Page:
Journal of Parasitic Diseases: Diagnosis and Therapy

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Editorial - Journal of Parasitic Diseases: Diagnosis and Therapy (2021) Volume 6, Issue 4

Porcine cysticercosis: An infection in mozambique.

Shawn Kruger*

Editorial Office, Journal of Parasitic Diseases: Diagnosis and Therapy, London, United Kingdom

Corresponding Author:
Shawn Kruger
Editorial Office
London
United Kingdom
E-mail: [email protected]

Accepted date: July 10, 2021

Citation: Kruger S.Porcine cysticercosis: An infection in mozambique.J Parasit Dis Diagn Ther 2021;6(4):2

Abstract

Porcine cysticercosis is a pig illness caused by the larval stage of the tapeworm Taenia solium, which causes taeniosis in humans. In many impoverished nations, Taenia solium is a major zoonosis. Cysticercosis is a significant public health threat that also costs the pig industry a lot of money. The current study was undertaken to assess the incidence and risk factors for swine cysticercosis in Mozambique since data on the epidemiology of porcine cysticercosis in the country is limited. A total of 661 pigs were tested serologically and inspected by tongue examination between September and November 2007. A monoclonal antibody-based sandwich enzyme-linked immunosorbent assay was used to detect circulating parasite antigen in serum samples. The illness is widespread in pigs from many poor nations across the world, posing a severe public health threat and causing huge economic losses in the swine industry.

Editorial

Porcine cysticercosis is a pig illness caused by the larval stage of the tapeworm Taenia solium, which causes taeniosis in humans. In many impoverished nations, Taenia solium is a major zoonosis. Cysticercosis is a significant public health threat that also costs the pig industry a lot of money. The current study was undertaken to assess the incidence and risk factors for swine cysticercosis in Mozambique since data on the epidemiology of porcine cysticercosis in the country is limited. A total of 661 pigs were tested serologically and inspected by tongue examination between September and November 2007. A monoclonal antibody-based sandwich enzyme-linked immunosorbent assay was used to detect circulating parasite antigen in serum samples. The illness is widespread in pigs from many poor nations across the world, posing a severe public health threat and causing huge economic losses in the swine industry. There is little information on the disease's incidence in Mozambique. Pigs serve as typical intermediate hosts, containing the larval cysticerci, while humans serve as definitive hosts, containing the adult tapeworm that causes taeniosis. By inadvertently ingesting T. solium eggs, humans can potentially function as intermediate hosts and produce the cystic form. Neurocysticercosis is a kind of human cysticercosis that produces a variety of neurological symptoms, the most frequent of which are seizures caused by cysts in the brain. Taenia solium cysticercosis is common in people and pigs in many underdeveloped nations in Latin America, Asia, and Africa, where the disease's life cycle is perpetuated by the cohabitation of inadequate sanitation and swine being allowed to roam freely.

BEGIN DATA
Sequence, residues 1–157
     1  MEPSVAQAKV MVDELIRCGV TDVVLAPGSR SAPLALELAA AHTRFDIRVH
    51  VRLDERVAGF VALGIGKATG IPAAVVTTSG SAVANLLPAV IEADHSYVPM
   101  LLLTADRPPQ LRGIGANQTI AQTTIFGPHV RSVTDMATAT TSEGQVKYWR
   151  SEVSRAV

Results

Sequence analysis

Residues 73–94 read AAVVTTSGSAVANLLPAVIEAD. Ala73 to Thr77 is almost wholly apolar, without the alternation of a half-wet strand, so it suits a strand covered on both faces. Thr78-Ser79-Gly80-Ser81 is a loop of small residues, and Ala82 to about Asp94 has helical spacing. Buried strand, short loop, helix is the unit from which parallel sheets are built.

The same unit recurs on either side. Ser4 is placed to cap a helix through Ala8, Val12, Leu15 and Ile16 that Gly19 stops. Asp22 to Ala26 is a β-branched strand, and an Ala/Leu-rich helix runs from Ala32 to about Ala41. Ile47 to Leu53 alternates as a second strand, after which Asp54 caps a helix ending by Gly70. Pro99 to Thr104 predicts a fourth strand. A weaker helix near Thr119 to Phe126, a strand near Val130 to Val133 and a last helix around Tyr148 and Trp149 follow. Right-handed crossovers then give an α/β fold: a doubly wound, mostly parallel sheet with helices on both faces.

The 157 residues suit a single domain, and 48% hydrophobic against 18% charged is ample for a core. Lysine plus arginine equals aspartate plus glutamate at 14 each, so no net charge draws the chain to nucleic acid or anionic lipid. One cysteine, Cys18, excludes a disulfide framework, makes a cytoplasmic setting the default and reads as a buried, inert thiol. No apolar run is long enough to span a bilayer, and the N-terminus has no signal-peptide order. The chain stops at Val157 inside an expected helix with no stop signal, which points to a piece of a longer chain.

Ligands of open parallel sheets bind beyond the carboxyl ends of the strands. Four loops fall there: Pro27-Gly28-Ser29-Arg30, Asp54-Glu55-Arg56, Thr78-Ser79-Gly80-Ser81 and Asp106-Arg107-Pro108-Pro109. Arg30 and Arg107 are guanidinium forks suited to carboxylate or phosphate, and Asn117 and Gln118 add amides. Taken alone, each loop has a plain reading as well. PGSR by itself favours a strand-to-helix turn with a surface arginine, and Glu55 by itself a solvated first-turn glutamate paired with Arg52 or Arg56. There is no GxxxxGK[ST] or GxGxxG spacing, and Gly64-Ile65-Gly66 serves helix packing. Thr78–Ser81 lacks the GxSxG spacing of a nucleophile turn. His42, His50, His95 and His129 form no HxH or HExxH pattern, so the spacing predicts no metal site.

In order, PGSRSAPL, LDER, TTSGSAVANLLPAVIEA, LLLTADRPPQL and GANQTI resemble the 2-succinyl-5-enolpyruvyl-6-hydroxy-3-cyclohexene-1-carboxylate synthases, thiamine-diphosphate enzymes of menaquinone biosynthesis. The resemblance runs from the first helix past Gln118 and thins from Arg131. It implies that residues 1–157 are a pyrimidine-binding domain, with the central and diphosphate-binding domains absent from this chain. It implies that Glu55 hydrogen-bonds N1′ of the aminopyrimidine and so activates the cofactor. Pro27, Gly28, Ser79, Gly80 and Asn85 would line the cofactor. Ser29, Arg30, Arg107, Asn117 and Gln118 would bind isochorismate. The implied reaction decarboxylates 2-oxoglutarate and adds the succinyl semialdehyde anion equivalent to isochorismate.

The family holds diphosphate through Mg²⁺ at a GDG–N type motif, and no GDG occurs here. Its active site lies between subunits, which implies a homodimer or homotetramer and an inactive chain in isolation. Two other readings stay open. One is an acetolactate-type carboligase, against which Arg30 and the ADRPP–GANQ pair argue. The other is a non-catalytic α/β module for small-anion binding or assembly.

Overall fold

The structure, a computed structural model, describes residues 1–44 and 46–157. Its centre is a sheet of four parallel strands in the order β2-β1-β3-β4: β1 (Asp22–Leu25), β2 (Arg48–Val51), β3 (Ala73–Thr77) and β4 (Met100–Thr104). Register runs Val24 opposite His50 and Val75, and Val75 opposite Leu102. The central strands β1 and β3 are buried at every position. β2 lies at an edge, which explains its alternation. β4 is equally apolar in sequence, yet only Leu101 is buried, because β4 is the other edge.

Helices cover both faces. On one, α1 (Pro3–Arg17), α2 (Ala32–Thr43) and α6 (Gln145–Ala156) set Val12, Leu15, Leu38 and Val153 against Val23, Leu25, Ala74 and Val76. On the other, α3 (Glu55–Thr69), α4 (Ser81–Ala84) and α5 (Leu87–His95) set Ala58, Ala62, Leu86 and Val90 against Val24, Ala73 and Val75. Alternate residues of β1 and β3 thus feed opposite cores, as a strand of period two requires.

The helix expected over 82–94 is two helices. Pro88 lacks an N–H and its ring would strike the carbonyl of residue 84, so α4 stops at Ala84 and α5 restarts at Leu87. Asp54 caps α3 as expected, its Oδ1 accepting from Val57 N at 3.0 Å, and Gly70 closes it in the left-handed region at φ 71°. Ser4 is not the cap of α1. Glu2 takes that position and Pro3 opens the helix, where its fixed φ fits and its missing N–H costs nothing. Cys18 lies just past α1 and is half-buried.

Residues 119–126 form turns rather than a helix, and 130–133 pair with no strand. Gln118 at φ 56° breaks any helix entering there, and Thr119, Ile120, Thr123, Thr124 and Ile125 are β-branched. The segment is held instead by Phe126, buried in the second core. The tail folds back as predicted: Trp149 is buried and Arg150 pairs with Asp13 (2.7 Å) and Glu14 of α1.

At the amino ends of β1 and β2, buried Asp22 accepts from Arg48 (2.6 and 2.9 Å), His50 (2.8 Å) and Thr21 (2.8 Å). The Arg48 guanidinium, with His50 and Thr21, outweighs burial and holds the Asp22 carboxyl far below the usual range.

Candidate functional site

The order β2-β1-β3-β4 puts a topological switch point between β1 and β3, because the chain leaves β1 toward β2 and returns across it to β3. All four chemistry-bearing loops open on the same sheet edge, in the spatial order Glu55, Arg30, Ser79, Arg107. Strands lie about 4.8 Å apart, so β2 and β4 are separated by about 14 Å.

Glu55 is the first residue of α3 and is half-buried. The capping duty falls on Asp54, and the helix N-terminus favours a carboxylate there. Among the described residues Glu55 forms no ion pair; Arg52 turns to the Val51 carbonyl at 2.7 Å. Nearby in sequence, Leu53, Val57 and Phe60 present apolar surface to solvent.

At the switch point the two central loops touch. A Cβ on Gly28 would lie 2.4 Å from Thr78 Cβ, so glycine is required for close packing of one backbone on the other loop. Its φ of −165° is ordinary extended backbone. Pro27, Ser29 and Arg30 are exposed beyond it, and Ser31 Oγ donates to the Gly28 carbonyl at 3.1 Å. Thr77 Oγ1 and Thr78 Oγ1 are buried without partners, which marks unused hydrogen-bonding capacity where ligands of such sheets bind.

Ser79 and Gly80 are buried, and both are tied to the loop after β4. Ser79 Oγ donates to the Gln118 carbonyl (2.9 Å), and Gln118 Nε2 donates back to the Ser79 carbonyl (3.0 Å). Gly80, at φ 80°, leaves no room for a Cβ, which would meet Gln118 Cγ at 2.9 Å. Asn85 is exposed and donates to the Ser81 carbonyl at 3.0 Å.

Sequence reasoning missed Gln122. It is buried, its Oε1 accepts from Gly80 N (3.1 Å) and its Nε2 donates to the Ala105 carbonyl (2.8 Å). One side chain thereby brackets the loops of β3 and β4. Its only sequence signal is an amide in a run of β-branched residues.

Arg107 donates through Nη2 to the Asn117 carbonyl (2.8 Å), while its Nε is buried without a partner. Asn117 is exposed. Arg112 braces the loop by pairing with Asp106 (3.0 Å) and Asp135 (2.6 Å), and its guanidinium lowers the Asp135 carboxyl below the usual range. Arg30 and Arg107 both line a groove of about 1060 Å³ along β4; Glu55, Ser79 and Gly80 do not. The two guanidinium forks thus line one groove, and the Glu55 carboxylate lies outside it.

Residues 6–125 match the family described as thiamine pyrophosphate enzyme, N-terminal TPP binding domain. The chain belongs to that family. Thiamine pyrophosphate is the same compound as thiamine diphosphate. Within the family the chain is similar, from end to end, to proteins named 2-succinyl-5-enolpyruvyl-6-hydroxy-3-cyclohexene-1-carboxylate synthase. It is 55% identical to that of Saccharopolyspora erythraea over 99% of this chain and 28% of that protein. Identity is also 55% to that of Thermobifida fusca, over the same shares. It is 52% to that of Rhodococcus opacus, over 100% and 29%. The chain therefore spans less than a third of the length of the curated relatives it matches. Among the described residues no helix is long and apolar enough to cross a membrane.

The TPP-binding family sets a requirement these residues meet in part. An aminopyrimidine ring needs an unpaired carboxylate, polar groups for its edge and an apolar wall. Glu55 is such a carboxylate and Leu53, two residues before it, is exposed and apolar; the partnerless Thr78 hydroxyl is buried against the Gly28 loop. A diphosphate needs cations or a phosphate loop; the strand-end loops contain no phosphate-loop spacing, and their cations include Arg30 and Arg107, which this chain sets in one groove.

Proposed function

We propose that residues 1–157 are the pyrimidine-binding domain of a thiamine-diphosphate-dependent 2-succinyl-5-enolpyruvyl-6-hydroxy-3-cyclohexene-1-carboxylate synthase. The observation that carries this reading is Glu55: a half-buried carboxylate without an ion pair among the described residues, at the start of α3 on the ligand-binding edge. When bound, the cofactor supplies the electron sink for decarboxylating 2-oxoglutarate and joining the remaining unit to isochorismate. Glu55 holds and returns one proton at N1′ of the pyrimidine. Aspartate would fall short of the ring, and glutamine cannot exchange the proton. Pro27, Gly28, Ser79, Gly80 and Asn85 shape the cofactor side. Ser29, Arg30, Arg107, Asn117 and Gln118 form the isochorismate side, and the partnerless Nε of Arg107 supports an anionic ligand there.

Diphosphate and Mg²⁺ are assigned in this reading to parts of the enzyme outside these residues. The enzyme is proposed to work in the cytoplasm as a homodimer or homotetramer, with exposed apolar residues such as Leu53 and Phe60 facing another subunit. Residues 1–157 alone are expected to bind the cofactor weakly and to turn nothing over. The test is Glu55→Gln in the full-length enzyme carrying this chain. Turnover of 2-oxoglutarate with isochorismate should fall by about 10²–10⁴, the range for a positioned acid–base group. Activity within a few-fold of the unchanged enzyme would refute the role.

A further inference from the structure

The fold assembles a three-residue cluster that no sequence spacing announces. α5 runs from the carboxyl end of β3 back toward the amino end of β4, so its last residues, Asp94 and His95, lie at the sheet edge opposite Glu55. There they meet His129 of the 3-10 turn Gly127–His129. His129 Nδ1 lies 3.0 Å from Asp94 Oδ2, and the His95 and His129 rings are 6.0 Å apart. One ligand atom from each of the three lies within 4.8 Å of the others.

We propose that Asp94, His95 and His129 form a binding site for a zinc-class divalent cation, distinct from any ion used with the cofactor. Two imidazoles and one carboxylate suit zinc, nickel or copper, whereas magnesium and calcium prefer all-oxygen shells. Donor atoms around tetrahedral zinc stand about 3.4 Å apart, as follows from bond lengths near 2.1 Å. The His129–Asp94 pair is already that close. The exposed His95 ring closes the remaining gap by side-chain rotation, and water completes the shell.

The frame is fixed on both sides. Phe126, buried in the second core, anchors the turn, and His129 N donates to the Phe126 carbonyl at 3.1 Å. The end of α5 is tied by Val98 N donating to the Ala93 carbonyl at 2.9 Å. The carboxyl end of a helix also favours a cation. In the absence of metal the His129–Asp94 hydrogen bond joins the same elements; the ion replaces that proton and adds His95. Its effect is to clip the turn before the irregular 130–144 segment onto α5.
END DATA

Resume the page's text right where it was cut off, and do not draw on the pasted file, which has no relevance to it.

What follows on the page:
Cysticercosis has been described as endemic in regions of Latin America, Asia, and Africa. This illness is a major but under-appreciated public health issue that results in significant economic losses owing to the rejection of contaminated swine. Pig farming is mostly carried out by smallholders in Mozambique under a variety of situations, the majority of which rely on scavenging for food. Primitive housing is usually given in this method to protect the animals just at night. Furthermore, pig slaughtering facilities are few, and pork inspection and supervision are inadequate. The survival and spread of T. solium are aided by these circumstances. The existence of T. solium cysticercosis in Mozambique has been verified in a few investigations in individuals with neurological disorders and in a serological survey of pigs using an antibody ELISA test, which revealed a prevalence range of 6.5%-33.3% in 11 districts of Tete province. Additionally, cysticercosis in pigs has been documented in all regions of the nation, according to ancient slaughterhouse records. The current data suggest that porcine cysticercosis is endemic in the area, and that rising pig age and pig husbandry techniques have a substantial role in the spread of porcine cysticercosis. To allow the gathering of additional baseline data and the implementation of effective control methods in Mozambique, further epidemiological research on the prevalence and transmission of porcine cysticercosis in rural areas are needed.

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